Do you write anything besides novels? Care to share?

I haven’t published any non-fiction yet but I have projects in place that are at an early stage. One is a memoir of my upbringing in a working class family in Birmingham, UK. It’s much less about the hardships of those times than about the struggle to understand the meaning of the world and a person’s place in it. I’m also at an early stage on a book on advice to authors on how to write a novel. What gets in the way of both projects is the next story. When it comes along, all else gets pushed to the sidelines.

Where do you live now? If you had to move to another city/state/country, where might that be?

I live on the Wirral, a peninsular in northwest England. Its history reaches back to Saxon and Viking times, preserved in many of the place names. It’s like living on an island in some ways. The area around the Dee Estuary has rugged coastlines, sandy beaches, high winds and is a haven for water sports like sailing and windsurfing. The main cities within easy reach are Chester and Liverpool. The latter is the real draw if you want to step off the ‘island’ and into a unique culture that produces great drama, poetry, music (the Beatles) and sport (Liverpool Football Club). Before I took up writing full time I travelled into Liverpool each day in my role as a professor at Liverpool University. These days I spend most of my time on the ‘island’.

I’m not tempted to move but if I was it would be to Florence in Italy. I visit there at least once each year to soak up its rich cultural heritage.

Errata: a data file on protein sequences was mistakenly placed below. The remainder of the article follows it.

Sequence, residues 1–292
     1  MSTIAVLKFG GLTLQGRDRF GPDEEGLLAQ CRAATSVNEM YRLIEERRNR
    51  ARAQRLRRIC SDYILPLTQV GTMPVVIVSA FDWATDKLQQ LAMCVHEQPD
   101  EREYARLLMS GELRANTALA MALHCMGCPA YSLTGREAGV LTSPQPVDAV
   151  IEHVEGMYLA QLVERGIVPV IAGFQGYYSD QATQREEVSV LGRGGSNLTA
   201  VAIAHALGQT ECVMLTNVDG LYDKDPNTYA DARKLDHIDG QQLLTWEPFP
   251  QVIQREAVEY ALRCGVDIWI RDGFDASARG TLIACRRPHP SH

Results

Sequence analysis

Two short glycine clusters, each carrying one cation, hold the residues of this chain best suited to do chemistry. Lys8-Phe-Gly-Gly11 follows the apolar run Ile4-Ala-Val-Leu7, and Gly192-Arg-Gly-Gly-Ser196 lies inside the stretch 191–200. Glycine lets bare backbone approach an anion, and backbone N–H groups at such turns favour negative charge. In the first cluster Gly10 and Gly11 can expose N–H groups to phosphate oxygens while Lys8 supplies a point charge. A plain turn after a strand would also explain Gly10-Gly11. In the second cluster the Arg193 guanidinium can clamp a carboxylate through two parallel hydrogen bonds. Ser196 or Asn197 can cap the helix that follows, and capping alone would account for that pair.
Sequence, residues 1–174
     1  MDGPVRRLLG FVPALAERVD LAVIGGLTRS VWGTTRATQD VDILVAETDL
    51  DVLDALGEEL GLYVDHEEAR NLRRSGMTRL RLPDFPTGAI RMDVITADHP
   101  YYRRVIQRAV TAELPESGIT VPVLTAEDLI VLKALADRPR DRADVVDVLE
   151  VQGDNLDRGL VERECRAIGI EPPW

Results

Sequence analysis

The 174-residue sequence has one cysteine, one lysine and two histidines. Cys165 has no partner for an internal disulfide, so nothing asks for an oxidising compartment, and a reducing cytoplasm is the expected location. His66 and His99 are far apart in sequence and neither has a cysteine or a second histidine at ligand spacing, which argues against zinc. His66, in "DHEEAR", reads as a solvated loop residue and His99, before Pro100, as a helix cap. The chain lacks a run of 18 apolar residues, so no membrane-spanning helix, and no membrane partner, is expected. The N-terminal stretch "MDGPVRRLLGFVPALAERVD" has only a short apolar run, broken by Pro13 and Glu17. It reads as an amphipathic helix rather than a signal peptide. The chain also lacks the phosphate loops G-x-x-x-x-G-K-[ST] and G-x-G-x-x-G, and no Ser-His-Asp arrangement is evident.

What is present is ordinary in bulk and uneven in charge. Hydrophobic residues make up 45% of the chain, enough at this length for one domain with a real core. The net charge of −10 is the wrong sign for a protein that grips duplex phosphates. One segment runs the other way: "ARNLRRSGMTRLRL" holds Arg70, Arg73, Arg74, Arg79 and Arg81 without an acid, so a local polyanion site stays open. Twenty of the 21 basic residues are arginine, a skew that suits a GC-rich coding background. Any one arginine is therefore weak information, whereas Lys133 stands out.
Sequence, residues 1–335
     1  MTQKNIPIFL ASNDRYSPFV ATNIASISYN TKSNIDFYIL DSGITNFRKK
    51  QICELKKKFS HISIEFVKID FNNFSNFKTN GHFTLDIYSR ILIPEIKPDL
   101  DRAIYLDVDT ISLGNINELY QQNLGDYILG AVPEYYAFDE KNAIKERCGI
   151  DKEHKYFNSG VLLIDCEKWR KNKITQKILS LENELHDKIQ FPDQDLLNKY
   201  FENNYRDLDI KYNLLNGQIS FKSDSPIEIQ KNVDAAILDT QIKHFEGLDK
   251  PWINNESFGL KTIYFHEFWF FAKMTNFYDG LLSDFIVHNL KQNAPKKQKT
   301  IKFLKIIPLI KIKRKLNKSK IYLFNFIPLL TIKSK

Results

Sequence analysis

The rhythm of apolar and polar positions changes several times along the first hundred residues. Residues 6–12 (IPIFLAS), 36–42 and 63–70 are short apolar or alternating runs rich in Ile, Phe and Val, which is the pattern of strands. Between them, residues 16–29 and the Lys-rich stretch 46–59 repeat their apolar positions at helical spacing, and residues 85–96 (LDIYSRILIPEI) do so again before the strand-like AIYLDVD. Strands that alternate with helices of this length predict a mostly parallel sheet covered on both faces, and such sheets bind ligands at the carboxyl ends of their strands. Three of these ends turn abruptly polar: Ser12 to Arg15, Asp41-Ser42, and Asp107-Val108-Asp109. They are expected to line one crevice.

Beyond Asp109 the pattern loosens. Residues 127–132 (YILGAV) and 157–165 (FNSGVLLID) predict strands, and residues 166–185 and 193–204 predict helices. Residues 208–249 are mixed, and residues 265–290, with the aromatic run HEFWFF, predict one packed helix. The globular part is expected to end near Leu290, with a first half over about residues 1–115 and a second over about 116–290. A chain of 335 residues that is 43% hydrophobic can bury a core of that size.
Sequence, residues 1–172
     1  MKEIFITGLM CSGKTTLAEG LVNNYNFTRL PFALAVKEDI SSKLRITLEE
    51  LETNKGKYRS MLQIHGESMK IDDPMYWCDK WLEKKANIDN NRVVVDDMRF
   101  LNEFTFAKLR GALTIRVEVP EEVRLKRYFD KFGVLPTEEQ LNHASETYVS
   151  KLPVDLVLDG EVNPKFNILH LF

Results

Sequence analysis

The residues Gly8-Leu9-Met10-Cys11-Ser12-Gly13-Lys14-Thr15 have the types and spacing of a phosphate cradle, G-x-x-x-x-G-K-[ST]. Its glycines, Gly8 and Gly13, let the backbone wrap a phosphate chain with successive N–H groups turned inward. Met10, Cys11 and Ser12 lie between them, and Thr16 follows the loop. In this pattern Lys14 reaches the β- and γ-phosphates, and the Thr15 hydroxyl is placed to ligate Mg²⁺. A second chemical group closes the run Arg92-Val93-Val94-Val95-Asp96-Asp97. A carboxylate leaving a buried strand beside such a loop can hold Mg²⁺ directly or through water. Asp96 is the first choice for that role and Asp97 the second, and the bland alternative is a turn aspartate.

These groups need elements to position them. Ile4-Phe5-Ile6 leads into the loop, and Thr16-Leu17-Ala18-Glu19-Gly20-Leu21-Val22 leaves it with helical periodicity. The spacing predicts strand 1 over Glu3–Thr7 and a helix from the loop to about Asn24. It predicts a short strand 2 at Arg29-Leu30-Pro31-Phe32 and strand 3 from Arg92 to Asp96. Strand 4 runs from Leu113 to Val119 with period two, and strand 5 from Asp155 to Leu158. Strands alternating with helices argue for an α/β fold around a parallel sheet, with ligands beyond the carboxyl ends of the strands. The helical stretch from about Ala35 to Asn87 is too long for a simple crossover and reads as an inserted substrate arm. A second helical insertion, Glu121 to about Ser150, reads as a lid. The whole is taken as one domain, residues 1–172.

What music soothes your soul?

Music is a big part of my life. It started when I was still in school and a classmate who was in a band would lend me albums by the likes of Chuck Berry, Little Richard Gene Vincent, and the Everly Brothers as well as blues albums by the likes of John Lee Hooker, Big Bill Broonzy and Sonny Terry and Brownie McGee. Then came the Beatles, The Rolling Stones and the Kinks who fed off that wonderful music. Bob Dylan became my absorbing interest for many years until a wonderful thing happened. A friend suggested I listen to a recording of a live performance of ‘My Funny Valentine’ by Miles Davis. I was blown away. So jazz is now a major a part of my listening, especially all those who’ve emerged from Miles’ shadow. Somewhere along the way I also picked up an interest in classical music, especially Vivaldi and Bach. One of my ambitions is to see one or more of my books made into a movie or a Netflix drama. Then I’d love to have a say in the musical score.